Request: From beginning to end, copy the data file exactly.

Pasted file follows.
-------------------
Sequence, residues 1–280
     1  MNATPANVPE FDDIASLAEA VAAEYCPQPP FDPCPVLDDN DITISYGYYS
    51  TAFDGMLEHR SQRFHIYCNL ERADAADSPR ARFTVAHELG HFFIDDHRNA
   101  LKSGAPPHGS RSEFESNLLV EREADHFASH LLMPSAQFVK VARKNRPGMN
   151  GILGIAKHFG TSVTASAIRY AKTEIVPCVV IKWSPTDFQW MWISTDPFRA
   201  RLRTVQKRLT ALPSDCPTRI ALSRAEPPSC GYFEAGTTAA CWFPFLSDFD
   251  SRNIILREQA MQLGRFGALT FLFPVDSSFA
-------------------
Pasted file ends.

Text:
Sequence, residues 1–280
     1  MNATPANVPE FDDIASLAEA VAAEYCPQPP FDPCPVLDDN DITISYGYYS
    51  TAFDGMLEHR SQRFHIYCNL ERADAADSPR ARFTVAHELG HFFIDDHRNA
   101  LKSGAPPHGS RSEFESNLLV EREADHFASH LLMPSAQFVK VARKNRPGMN
   151  GILGIAKHFG TSVTASAIRY AKTEIVPCVV IKWSPTDFQW MWISTDPFRA
   201  RLRTVQKRLT ALPSDCPTRI ALSRAEPPSC GYFEAGTTAA CWFPFLSDFD
   251  SRNIILREQA MQLGRFGALT FLFPVDSSFA